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Affects of a Social Media Presence

Written by Lauren Bannister, Staff Writer

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In the past years, students’ social media presence has increased into being apart of the college recruiting process.

Back in 2014, recruiting coach Jemal Singleton tweeted his opinion about a student athlete he was looking into, but changed his mind after he took a look at certain tweets.

“Had to unfollow/stop recruiting a young man this evening. Still amazed by what recruits tweet/retweet. College coaches are watching.”

But, Singleton is not the only one to express disappointment in dropping students due to their actions on social media. A couple months after Singleton’s revelation about social media, Penn State assistant football coach Herb Hand tweeted his experience.

“Dropped another prospect this AM due to his social media presence … Actually glad I got to see the ‘real’ person before we offered him.”

With the introduction of social media, Twitter in 2006 to be exact, it has become a venting place for everyone. From teenagers to adults, people continually forget what is appropriate to post on social media for the world to see. Without having private profiles, anyone can see what one posts, and let’s not forget, the internet is forever.

“I have spoken to plenty of coaches that have had kids lose interest from college coaches due to Twitter gab1posts,” MHS Coach, Aaron Gabrysch said. “This includes retweets from inappropriate Twitter accounts.”

With teenagers becoming more interactive on social media, it opens up a door to the negatives of the internet. In 2012, The Pew Research company claimed studies showed 81% of online teens use some type of social media, 77% of online teens use Facebook, and 24% of online teens use Twitter. Online teens are not stopping to think before they post. Many practice withholding information, but not enough do.

“I think at times the kids are just ignorant about the implications of what they put on social media,” Gabrysch said.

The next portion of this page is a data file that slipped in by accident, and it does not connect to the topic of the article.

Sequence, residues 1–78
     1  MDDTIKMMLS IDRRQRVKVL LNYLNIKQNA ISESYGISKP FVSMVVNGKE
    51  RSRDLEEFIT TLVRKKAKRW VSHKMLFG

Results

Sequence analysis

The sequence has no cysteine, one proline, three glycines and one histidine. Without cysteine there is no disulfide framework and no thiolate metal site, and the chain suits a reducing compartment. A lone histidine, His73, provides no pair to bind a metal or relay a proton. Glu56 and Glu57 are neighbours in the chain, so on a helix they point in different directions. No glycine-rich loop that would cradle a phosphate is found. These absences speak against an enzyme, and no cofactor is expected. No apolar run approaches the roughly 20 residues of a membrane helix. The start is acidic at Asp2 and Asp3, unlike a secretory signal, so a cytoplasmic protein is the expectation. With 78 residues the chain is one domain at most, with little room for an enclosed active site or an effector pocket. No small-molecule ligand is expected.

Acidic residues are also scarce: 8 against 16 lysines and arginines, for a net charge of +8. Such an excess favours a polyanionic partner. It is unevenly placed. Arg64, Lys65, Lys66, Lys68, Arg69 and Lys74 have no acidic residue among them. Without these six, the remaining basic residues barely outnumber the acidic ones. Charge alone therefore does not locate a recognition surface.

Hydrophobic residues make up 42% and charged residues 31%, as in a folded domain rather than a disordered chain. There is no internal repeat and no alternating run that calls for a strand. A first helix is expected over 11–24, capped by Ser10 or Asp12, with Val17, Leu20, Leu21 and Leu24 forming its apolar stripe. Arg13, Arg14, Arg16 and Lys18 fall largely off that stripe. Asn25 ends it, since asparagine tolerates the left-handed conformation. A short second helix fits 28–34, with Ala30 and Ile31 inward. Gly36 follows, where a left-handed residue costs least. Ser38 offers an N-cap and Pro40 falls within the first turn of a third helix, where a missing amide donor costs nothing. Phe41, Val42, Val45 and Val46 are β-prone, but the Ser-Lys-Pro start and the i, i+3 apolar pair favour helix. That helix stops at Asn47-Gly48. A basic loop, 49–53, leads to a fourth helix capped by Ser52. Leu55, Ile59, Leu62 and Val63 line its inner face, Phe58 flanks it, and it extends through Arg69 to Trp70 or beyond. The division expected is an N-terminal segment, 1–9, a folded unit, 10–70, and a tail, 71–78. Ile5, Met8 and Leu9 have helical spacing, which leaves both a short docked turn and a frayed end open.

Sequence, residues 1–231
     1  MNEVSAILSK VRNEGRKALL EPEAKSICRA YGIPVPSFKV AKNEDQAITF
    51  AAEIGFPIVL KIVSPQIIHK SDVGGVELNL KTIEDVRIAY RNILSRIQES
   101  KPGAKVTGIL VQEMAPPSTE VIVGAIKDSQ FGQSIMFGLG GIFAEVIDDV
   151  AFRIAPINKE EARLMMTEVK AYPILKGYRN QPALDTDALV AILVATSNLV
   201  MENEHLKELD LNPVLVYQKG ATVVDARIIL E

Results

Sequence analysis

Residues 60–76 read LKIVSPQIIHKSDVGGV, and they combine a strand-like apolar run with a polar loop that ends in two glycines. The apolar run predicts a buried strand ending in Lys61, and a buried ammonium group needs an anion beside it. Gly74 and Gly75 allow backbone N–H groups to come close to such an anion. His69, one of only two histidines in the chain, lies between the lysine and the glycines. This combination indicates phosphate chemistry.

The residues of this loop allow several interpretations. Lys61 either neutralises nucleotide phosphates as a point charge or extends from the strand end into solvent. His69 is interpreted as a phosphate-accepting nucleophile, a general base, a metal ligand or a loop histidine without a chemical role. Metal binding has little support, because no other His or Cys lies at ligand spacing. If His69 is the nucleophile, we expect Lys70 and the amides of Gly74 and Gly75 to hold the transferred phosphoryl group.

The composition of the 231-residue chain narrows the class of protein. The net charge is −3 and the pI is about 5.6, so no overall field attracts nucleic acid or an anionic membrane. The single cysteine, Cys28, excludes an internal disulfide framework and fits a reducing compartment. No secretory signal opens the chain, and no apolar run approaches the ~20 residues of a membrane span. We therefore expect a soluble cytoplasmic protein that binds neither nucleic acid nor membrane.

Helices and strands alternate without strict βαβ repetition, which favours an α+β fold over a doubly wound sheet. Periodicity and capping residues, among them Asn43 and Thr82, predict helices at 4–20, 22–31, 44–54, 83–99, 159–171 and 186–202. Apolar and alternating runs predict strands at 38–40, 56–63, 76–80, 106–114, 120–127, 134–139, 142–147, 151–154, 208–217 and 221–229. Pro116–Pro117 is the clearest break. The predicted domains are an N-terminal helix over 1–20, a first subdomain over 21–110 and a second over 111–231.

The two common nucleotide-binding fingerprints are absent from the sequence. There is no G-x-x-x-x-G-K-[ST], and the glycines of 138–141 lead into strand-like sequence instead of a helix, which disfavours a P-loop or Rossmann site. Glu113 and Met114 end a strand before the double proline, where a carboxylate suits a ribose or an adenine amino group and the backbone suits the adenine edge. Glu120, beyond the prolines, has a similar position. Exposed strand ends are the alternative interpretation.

Student Athletes are not the only ones affecting their life negatively with inappropriate posts though. Every teen who is constantly posting is putting themselves at risk to affect their future careers. Teens need to learn how to not tweet, retweet, like, discuss, or comment on inappropriate and immature topics.

Teenagers are consistently undermining the power of the internet. It seems to be a normal thing to post personal information, locations, and etc.. By sharing more about themselves, teens put themselves more at risk for complications. According to The Pew Research center, in 2012, 91% of teens post a photo of themselves, 71% post their school name, 71% post the city or town where they live, 92% post their real name to the profile they use most often, 84% post their interests, 82% post their birth date, 62% post their relationship status, and 24% post videos of themselves. As these statistics were gathered in 2012, four years later in 2016, one can only assume the percentages have increased due to the world-wide popularity of social media.

Teens, especially online teens, need to begin to refrain from posting such personal and inappropriate stuff on social media. The internet is forever, things simply do not disappear with a click of a “delete” button. To improve futures and grow as people, online students, whether athletes or not, need to focus and think before they post. For example, every time a user posts, every follower can see it. And then, if one is not private, the whole world of twitter can view it. It is better to think before you post to ensure people get the right impression of you, and you positively affect your future. So from the saying, “if you don’t have anything nice to say, don’t say it at all,” students should practice, “if you don’t have anything appropriate to post, don’t post it at all.”

“[Social media] can absolutely affect their future,” Gabrysch said. “Social media use is acceptable but common sense is very important. As a general rule, a student should assume that coaches are reading all tweets and retweets.”

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Affects of a Social Media Presence